As a result, culture exists because it could be grown in a civilisation. The process of civilisation brings a place and people to a phase where they can be developed socially and culturally to realise a more advanced stage of human existence. Even historically, civilisations like Mesopotamia and Egypt to the Indus Valley, China and Central America all allowed diverse cultures to grow, spread and prosper. Large populations, architecture, distinctive art styles, communication patterns, systems for governance and the division of people into social and economic classes are some specific features of every civilisation. These features cater to the ideas, customs, and social behaviour of particular people or society, every reason to get evolved. To quote A. W. Green “A culture becomes civilisation only when it possesses written language, science, philosophy, specialised division of labour and a complex technology and political system”.
Both culture and civilisation, as appears from above, are closely interrelated. However, there are some differences too. While civilisation and its progress can be measured through specific indices, culture cannot. Culture is subjective. Secondly, civilisation is passed on without effort, but not culture. Culture is an acquired taste, something that makes any civilisation unique. Thirdly, civilisation is external and mechanical, while culture is internal and organic. Civilisation is inclusive of external things, and culture is related to internal thoughts, feelings, ideals, and values. Lastly, civilisation is borrowed without change or loss, but not culture. The transference of civilisation from one generation to another is quick and easy. Given adequate means of communication things of civilisation can quickly spread to the whole world. Radio, television, X-ray, automobiles are no longer the monopoly of any one country. The factory has displaced the domestic system of production. The new techniques of constructing buildings and building roads have everywhere been adopted. Culture, on the other hand, has an intrinsic quality and can only be imbibed. It will have a limited appeal. For instance, in India, we have borrowed some aspects of western civilisation, not Western culture.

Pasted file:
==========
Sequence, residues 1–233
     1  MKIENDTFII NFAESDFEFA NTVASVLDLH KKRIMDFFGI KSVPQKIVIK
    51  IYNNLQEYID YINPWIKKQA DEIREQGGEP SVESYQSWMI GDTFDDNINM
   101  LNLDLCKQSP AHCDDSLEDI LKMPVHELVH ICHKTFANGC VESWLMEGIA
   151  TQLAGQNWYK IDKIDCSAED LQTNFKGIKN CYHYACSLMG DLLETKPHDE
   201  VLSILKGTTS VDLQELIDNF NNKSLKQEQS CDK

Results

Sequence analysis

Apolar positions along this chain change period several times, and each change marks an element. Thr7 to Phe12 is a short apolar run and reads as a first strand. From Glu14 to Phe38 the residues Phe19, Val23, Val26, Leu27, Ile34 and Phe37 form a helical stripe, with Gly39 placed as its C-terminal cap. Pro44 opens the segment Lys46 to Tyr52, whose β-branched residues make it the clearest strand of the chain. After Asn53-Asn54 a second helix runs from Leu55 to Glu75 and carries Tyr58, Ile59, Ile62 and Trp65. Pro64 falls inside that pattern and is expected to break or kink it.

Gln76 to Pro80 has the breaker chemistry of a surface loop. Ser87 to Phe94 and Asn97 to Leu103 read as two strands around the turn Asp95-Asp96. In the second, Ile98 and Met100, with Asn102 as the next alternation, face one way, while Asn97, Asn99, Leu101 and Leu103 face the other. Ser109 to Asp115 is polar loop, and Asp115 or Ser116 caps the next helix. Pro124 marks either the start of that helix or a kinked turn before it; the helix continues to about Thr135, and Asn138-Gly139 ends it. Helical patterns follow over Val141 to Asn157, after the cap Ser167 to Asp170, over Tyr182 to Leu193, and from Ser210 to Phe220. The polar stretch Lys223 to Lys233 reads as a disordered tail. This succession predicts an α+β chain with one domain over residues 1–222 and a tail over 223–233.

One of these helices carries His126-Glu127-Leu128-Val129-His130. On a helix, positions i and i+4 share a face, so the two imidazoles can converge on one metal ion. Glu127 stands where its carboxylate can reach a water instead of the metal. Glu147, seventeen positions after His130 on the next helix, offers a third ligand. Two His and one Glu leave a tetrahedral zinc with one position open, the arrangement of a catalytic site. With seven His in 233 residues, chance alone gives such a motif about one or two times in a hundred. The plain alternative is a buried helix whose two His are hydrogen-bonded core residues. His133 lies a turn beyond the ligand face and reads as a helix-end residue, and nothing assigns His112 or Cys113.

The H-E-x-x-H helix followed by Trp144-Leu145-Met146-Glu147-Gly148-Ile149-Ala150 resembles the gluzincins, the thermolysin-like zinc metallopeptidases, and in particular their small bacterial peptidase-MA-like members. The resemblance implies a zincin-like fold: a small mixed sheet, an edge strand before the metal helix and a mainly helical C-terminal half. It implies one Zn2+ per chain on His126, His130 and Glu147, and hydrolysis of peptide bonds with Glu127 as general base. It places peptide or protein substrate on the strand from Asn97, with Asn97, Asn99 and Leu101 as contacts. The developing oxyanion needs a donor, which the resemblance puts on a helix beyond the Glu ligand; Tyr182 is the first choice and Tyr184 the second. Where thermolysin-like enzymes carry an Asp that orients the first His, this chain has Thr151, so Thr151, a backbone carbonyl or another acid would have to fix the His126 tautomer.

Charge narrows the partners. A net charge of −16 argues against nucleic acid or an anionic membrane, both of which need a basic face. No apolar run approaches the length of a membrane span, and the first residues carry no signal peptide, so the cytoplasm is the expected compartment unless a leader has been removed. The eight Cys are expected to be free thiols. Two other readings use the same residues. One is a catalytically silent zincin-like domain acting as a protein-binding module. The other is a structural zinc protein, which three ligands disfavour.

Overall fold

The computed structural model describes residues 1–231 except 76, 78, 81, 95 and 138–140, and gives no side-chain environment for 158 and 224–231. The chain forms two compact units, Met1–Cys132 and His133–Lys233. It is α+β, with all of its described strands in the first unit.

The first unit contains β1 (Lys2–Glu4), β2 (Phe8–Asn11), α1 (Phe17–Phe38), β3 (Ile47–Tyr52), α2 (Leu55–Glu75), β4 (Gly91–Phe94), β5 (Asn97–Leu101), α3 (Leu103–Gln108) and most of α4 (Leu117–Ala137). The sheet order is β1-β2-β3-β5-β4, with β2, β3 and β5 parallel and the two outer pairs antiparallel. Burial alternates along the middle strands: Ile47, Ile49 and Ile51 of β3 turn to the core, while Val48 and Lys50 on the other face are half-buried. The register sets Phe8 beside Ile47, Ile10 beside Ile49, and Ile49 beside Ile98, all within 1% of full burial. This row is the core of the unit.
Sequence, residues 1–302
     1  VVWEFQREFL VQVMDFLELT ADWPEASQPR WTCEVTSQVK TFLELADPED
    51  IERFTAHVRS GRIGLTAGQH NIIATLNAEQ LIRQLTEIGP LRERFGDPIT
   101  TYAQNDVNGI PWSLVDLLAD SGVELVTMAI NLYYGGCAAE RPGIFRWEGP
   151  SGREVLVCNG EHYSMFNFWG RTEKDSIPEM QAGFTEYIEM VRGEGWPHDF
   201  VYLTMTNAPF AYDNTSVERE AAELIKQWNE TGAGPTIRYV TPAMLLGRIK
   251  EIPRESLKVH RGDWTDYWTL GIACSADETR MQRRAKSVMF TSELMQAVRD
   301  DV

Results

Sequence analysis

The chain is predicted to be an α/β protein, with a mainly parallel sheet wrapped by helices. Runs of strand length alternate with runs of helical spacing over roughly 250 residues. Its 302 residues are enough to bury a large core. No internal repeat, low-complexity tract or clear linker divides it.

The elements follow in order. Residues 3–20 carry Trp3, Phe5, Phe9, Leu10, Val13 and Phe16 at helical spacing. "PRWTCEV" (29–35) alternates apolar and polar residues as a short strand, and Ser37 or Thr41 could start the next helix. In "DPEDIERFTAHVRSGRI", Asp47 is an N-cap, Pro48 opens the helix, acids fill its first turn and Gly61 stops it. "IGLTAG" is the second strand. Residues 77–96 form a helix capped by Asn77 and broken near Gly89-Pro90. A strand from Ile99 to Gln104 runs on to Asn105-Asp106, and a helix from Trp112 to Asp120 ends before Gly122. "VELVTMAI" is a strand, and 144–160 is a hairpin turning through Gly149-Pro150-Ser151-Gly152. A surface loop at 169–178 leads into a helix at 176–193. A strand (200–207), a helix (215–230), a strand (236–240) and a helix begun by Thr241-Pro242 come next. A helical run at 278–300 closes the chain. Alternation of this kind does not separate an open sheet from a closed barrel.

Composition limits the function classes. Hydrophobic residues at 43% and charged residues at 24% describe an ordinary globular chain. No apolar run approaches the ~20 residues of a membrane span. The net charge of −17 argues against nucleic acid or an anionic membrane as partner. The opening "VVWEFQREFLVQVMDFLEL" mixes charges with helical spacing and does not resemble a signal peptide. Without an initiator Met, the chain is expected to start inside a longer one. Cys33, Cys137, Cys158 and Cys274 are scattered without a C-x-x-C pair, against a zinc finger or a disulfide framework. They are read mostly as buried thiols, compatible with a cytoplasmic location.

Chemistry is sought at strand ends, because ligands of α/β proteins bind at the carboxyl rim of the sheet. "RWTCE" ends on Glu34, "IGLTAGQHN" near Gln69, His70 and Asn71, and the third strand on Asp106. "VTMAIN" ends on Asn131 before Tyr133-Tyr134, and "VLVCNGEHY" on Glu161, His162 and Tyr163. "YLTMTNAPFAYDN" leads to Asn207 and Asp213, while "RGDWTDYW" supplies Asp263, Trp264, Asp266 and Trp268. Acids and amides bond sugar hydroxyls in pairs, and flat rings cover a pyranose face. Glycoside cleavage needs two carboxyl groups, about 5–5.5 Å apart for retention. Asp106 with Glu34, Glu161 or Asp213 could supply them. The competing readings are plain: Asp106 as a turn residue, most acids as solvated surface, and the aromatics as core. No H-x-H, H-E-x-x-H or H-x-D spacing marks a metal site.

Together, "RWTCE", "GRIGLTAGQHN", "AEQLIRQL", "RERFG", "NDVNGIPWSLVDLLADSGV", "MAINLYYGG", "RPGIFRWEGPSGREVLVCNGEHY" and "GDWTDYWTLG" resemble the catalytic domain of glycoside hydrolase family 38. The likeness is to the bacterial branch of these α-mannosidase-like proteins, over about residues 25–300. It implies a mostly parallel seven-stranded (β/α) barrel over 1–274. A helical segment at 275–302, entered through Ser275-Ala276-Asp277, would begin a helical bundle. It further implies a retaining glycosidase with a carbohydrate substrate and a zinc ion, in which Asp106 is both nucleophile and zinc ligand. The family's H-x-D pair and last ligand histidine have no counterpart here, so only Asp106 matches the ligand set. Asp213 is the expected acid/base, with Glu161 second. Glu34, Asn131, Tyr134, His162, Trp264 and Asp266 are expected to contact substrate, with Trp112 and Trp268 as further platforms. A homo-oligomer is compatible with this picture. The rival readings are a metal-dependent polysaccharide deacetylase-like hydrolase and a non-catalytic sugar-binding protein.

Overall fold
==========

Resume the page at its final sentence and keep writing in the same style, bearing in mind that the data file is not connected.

Withstanding all differences, culture and civilisation both go hand in hand. Man does not simply create an object, he also creates it to be beautiful and appealing to his senses. An automobile or radio may be a useful thing, but the models and finish are determined by our culture. Likewise, a constitution or code of laws is not simply a means of government, but it also expresses the spirit of a people and is treasured as the embodiment of culture. In this way the objects that fall mainly in the realms of civilisation generally have a cultural aspect too.
Culture has a consistency of its own which is sometimes very hard to defeat. Culture succeeds civilisation in case of a clash between the two. Every culture change has its repercussions on civilisation. A civilisation cannot escape the influence of the standards and the styles of age. Human population and resources available determine the sustainability of a region. Uncontrolled concretisation over-exploits resources. The absence of resources can alter internal settings where we could fear the worst. Now, it is not about any cultural heritage, but poses a serious threat to the continuation of civilisation.